A California proposal to require video surveillance of shops including all purchases and parking lots as well as put a limit on gun store locations was pulled in the face of mounting opposition.
The measure, introduced in February, is meant to increase transparency in the legal sale of firearms and ammunition in the state and discourage straw buyers according to its primary author, Democratic Assemblymember Kevin McCarty.
Scheduled for its first hearing in the Public Safety Committee on Tuesday, McCarty pulled the measure without comment.
The legislation, AB 2459, would prohibit a firearms dealer from operating from a building zoned as a residence, require them to carry $1 million in liability and theft insurance, and mandate extensive video surveillance requirements. This would include recording every firearm or ammunition transfer, everywhere guns or ammo are stored or handled, the exterior of the business, and all parking areas. The video would have to be stored for five years on site.
In an analysis by Marshall Lewin for America’s First Freedom, published by the National Rifle Association, the data storage alone would be enough to put some gun stores underwater.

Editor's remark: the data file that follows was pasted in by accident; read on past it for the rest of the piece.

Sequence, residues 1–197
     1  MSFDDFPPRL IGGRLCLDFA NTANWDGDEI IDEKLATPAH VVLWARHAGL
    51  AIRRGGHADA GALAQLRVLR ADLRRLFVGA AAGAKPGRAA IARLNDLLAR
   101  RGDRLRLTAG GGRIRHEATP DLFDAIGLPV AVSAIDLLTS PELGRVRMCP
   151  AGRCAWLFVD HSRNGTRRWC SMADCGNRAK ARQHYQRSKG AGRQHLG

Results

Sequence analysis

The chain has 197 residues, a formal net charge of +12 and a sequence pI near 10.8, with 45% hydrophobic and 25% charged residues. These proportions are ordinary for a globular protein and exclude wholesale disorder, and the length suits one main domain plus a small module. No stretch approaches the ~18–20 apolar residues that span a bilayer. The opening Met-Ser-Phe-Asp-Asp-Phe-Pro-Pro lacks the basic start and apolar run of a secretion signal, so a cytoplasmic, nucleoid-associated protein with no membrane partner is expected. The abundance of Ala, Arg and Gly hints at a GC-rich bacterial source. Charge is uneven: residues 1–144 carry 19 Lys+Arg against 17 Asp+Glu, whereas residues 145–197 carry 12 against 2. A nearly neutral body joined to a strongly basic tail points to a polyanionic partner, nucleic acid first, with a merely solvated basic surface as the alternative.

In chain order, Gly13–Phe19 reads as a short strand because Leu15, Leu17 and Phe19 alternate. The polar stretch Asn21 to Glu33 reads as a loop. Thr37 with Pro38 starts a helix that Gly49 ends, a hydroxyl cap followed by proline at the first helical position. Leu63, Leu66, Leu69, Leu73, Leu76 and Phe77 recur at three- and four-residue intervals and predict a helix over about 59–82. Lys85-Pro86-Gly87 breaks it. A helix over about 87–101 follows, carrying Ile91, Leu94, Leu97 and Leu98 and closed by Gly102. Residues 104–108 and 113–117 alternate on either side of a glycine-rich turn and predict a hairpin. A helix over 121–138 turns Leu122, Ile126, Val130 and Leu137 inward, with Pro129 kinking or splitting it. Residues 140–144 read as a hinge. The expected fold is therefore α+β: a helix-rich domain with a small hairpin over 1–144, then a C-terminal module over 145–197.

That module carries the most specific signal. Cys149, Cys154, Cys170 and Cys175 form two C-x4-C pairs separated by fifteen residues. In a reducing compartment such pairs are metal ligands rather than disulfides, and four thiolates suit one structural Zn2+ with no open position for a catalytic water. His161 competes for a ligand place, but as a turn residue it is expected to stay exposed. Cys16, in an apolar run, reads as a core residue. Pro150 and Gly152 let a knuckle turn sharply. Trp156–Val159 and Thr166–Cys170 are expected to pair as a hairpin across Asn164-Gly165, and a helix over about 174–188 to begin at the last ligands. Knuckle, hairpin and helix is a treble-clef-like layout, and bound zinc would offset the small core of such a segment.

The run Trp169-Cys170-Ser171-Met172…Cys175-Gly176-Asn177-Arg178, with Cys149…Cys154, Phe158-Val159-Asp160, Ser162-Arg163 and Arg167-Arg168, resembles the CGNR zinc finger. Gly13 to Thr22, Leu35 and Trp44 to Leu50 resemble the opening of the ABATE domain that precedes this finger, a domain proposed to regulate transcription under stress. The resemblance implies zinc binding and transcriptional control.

“Even if it was digital, that’s a lot of hard drives,” noted Lewin. “Let’s see: Four cameras recording 50 hours per week for 50 weeks per year times five years is 50,000 hours of video. At a resolution that ‘makes the facial features of the purchaser clearly visible,’ that five years of footage is going to occupy 750 terabytes. Got 300 hard drives? Got somewhere ‘on the premises’ to store them for five years?”
Similar requirements proposed in San Francisco led to the closure of the last gun shop in that city in 2015 that left lawmakers who backed the new guidelines unapologetic.
The proposed new regulations drew condemnation from gun rights groups including the NRA, National Shooting Sports Foundation and the Firearms Policy Coalition. However, as Craig J. DeLuz, director of communications with the FPC, told Guns.com, it’s not just Second Amendment organizations up in arms against AB 2459.
“We have spent a lot of time and energy building a coalition against the measure,” said DeLuz. “So far, the ACLU and the CA Pawn Brokers were opposing it. And your gun bill has to be pretty bad for the ACLU to oppose it.”
He warns that, should McCarty move to bring the matter back up with amendments, they will be ready and likely have even more support.
“When/if it comes up again, we fully expect the insurance industry, mainstream business groups and local government control advocates to also be opposed,” said DeLuz.
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